Over the coming weeks, three blogs -the ICRC Humanitarian Law & Policy BlogEJIL Talk! and Lawfare–  will host a joint blog symposium on International Law and Armed Conflict. The series will feature posts by some of the participants at the Sixth Annual Transatlantic Workshop on International Law and Armed Conflict, which was held at the European University Institute in Florence in July.
As in previous years, the workshop brought together a group of academic, military, and governmental experts from both sides of the Atlantic.  This summer the experts focused on key international law questions relating to military operations in urban warfare, looking at recent conflicts involving some of the most significant battles in, and sieges of, cities since the second world war.
The two-day roundtable, held under the Chatham House Rule, was co-sponsored by the Oxford Institute for Ethics, Law and Armed Conflict (co-directed by Dapo Akande), the Individualisation of War project, European University Institute, Florence (directed by Jennifer Welsh), the Washington DC & London delegations of the International Committee of the Red Cross, The Robert Strauss Center at the University of Texas (directed by Bobby Chesney) and South Texas College of Law(Geoff Corn).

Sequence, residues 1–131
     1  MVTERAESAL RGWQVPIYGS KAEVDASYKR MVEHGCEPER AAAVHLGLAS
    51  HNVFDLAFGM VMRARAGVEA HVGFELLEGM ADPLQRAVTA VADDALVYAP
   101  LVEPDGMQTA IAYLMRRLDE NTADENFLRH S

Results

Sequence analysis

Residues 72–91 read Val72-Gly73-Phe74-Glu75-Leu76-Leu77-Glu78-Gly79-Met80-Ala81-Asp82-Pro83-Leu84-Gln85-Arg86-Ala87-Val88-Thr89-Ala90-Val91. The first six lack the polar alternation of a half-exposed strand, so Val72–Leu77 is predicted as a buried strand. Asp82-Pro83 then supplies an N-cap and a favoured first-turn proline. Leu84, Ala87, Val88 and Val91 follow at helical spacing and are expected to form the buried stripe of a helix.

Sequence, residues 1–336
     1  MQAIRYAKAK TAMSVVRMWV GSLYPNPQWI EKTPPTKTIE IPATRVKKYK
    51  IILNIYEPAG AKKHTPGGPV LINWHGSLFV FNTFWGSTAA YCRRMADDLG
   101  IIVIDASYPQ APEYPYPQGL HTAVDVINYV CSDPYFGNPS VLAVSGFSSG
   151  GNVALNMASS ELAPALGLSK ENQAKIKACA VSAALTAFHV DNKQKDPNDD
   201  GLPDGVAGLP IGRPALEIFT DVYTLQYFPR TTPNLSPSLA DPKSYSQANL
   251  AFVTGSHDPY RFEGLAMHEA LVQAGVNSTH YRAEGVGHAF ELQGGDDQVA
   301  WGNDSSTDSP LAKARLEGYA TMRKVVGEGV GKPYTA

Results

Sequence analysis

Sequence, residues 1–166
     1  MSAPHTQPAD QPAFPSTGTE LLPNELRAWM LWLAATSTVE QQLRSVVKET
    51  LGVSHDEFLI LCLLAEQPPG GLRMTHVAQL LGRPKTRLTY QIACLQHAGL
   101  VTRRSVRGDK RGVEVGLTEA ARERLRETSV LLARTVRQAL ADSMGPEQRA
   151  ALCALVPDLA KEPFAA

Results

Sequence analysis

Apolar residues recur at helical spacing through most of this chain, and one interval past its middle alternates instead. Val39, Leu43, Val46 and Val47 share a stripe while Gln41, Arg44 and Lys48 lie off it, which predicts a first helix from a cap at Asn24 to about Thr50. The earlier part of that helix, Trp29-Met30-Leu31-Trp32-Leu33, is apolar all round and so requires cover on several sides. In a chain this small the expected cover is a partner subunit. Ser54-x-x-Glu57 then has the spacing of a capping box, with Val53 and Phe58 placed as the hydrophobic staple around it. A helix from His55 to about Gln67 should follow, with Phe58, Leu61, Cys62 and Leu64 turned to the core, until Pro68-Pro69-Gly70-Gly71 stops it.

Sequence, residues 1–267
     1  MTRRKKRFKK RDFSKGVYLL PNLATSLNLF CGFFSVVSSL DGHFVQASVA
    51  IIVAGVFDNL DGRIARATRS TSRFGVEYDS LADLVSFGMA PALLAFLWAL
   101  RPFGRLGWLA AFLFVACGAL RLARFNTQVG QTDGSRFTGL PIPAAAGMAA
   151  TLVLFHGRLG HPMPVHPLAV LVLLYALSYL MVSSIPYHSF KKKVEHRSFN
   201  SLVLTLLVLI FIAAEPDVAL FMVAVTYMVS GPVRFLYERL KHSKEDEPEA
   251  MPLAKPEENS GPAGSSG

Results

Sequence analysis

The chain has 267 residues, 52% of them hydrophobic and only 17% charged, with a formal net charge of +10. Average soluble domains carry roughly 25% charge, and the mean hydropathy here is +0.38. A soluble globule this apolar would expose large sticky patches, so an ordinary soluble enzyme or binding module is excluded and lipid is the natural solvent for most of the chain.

Some of those who attended the workshop have agreed to participate in a series of blog posts focusing on specific topics that were addressed during the workshop. Each blog post represents the different authors’ perspectives, and not necessarily those of anyone else at the workshop, nor any of the institutions represented.
The first post in the series – Precautionary Measures in Urban Warfare: A Commander’s Obligation to Obtain Information- by Jonathan Horowitz (Senior Legal Officer for the Open Society Justice Initiative) is now available on the Humanitarian Law & Policy Blog. In his concluding paragraph he argues that:

“As cities continue to grow faster than ever before and as wars more frequently take place in urban settings, experts have called on militaries to improve how they engage and defeat their enemies. Alongside this shift, an equal emphasis and innovative thinking needs to promote the ability of commanders to gather and analyse large amounts of information about civilian populations and the cities they live in. This is both a military imperative and a vital part of a military’s constant care and precautionary measures obligations under IHL. Some militaries are doing this better than others, and it is impossible to expect a commander to have access to the infinite amount of data that a city contains. There remains considerable room, however, for improving the ways warring parties prepare themselves to spare civilians the harms of war in urban environment where information is constantly in flux and, on top of that, where a high operational tempo means that commanders may often find it difficult to overcome information gaps that emerge during the heat of battle.”

Upcoming Blog Posts Include:

For past Transatlantic Workshop Series